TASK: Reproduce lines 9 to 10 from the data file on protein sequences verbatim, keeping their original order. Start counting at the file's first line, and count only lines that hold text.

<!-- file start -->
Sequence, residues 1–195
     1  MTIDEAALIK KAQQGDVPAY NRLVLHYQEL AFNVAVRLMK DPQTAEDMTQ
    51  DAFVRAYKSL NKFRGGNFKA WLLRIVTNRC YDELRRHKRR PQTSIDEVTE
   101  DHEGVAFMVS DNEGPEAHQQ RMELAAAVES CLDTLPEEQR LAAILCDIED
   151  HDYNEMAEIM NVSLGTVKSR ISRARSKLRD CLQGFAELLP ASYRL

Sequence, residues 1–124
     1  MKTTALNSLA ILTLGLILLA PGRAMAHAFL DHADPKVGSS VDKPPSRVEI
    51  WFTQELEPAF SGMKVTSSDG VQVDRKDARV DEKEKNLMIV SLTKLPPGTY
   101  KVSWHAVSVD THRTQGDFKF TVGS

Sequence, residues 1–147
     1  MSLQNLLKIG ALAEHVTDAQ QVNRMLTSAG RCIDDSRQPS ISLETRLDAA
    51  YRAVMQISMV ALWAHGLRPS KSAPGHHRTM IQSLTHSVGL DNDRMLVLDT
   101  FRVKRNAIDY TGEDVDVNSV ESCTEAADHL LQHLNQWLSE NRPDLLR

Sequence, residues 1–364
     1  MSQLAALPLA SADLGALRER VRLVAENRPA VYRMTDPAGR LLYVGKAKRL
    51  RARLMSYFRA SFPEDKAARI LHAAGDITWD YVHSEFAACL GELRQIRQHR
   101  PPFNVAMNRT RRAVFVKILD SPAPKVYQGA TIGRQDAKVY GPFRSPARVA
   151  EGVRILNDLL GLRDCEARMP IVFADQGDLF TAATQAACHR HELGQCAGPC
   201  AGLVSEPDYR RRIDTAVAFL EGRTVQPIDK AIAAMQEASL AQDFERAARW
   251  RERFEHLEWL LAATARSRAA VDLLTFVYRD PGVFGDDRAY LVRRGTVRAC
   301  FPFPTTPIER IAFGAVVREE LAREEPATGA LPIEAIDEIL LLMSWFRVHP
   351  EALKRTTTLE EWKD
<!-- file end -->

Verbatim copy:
   101  KVSWHAVSVD THRTQGDFKF TVGS

Sequence, residues 1–147